ICANN explained that the Trademark Clearinghouse is a database of registered trademarks and other types intellectual property rights, which will be used to provide protection during the "Sunrise" and "Trademark Claims" processes. ICANN notes that 60-days post launch operation of the Trademark Claims exceeds the final recommendation of the Special Trademark Issues (STI) team, which was involved in developing the service and suggested that no mandatory post-launch claims service is necessary.

  • Possibility of subsidizing the costs of Uniform Dispute Resolution Policy (UDRP) using surplus funds

ICANN clarified that no commitment has been made regarding the use of surplus funds and that the issue is a matter of continued community consultations. ICANN will consider the proposal to subsidize costs of disputes under the UDRP.

ICANN is dedicated to improving the access and accuracy of the Whois information; Thick Whois information requirements will be in place for all new gTLDs. Five studies regarding Whois services focusing on issues related to misuse, registrant identification, privacy and proxy services were conducted.

  • New gTLD Application Fee

ICANN provided a breakdown of the current $185,000 application fee, which includes development costs ($26,950 per application), applications processing and evaluation costs ($97,800 per application), costs for risk mitigation steps ($60,000 per applicant). Further breakdown of the cost is available here

  • Revenue from second level domain name registrations under new gTLDs

ICANN said that it did not evaluate any additional revenue that might be generated from defensive second level domain name registrations. Registries are required to pay ICANN with annual fees with fixed components.

  • Cost recovery model in assessing fees

The cost-neutral model was a direct response to the GNSO policy recommendation that application fees are designed to ensure that the implementation of the new gTLD program is self funding. Once the TLDs are operational, transaction based fees for registries and registrars will apply to domain registrations.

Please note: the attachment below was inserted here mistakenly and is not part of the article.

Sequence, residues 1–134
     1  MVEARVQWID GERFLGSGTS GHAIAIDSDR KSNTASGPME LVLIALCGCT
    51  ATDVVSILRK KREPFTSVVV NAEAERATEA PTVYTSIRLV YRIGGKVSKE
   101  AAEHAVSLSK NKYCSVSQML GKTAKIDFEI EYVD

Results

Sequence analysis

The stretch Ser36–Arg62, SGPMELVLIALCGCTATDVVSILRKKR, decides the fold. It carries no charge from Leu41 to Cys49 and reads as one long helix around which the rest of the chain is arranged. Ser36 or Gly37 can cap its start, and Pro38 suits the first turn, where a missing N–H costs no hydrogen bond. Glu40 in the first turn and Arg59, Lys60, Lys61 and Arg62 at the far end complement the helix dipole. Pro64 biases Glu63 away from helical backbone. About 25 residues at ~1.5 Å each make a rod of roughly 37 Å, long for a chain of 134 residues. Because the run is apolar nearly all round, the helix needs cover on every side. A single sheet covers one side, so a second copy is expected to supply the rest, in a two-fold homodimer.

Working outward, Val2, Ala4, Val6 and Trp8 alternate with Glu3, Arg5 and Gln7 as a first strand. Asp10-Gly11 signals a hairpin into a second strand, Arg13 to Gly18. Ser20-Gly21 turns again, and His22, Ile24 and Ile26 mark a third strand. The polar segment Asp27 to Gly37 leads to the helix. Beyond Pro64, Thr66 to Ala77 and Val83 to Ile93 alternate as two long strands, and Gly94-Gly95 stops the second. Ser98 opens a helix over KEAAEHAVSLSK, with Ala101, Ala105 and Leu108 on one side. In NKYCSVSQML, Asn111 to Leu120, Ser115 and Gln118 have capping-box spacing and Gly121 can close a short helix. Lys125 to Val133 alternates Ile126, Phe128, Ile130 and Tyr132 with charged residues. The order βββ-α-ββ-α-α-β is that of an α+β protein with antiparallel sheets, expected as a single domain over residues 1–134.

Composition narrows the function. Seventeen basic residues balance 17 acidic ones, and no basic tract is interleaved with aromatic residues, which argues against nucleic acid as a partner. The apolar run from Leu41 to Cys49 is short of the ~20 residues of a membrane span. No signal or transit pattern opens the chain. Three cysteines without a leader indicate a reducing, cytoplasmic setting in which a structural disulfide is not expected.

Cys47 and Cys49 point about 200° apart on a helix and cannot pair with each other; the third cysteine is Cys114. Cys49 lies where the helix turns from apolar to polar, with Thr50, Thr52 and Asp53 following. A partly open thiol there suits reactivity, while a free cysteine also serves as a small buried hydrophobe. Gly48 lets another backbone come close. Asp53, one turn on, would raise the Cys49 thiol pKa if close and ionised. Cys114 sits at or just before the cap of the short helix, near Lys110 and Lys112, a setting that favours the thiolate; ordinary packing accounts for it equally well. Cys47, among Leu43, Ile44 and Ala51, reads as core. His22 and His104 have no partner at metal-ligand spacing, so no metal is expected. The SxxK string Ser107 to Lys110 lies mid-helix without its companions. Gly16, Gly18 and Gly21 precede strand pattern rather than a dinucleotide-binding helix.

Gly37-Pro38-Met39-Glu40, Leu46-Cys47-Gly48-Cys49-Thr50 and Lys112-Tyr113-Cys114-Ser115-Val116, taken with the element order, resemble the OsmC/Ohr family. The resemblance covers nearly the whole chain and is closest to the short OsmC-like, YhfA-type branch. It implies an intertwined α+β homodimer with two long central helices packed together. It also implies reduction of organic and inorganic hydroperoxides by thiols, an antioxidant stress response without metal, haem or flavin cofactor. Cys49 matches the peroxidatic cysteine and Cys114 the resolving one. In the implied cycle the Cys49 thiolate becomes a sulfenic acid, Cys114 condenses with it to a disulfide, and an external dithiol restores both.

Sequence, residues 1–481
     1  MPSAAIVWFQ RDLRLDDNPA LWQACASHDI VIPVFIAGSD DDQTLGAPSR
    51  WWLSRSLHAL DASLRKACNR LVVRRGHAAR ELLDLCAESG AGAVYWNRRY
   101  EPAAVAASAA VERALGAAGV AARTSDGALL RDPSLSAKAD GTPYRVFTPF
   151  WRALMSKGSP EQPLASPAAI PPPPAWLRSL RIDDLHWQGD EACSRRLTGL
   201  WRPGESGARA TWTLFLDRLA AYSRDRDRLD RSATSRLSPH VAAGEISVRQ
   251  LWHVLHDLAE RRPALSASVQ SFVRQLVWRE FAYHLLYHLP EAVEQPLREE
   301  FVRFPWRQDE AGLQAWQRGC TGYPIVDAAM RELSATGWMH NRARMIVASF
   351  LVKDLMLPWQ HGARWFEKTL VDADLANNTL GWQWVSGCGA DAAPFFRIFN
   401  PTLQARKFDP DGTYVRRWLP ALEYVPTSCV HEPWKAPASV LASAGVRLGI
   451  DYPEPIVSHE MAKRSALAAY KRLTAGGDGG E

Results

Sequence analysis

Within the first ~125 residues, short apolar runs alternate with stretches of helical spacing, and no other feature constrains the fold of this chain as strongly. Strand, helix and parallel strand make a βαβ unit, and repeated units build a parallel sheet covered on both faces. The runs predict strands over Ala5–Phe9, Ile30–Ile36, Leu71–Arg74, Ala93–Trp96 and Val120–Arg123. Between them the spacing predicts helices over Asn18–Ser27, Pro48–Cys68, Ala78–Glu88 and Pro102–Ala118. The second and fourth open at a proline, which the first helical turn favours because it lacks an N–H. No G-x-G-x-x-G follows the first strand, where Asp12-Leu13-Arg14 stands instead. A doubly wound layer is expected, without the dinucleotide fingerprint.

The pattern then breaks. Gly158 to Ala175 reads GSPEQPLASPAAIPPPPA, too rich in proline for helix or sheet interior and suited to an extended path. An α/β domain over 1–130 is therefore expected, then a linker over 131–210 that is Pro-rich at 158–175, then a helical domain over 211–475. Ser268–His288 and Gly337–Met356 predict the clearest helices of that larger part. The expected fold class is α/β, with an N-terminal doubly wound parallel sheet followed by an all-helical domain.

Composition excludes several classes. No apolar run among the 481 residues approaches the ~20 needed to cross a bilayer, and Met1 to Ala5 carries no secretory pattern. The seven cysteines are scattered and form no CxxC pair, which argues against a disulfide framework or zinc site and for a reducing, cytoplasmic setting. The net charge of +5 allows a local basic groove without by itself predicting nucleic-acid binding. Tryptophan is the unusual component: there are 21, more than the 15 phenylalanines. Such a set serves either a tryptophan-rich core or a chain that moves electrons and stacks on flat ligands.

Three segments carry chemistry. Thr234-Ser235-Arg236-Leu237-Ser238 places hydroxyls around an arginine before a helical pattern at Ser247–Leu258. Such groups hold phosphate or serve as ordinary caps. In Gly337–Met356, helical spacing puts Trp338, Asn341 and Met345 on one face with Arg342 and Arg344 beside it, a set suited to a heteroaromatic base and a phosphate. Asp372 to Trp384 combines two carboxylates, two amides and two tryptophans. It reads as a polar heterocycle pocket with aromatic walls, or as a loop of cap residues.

• Loser pays system against cybersquatting

The new gTLD dispute resolution under the new gTLD program implements the loser pays system. The IRT did not recommend a full loser pays system for domain name disputes related to cybersquatting. The loser pays system has exceptions on filing fees for disputes and URS claims of less than 15 domain names. Claims for 26 or more names in a URS claims might be done on a loser-pays basis.

  • Auction process for multiple gTLD applicants

The auctions process in case of multiple gTLD applicants will be applied as a last resort. ICANN encourage applicants to work on developing a mutually-agreeable solution.

The new gTLD program offers heightened protection mechanisms against abuses, registry failure and other malicious conducts designed by intellectual property experts

  • Law Enforcement Community Recommendations

ICANN is actively working on the 12 recommendations of the law enforcement community and negotiating with registrars to amend the Registrar Accreditation Agreement (RAA), particularly the inclusion of a more improved and accurate Whois database.

  • Cost/Benefit Analysis used by ICANN before implementing the new gTLD program

Five economic studies were commissioned by ICANN to examine the anticipated benefits and costs of the new gTLD program.

  1. ICANN's Response to Cong. Greg Walden. ICANN. Published 2012 January 20.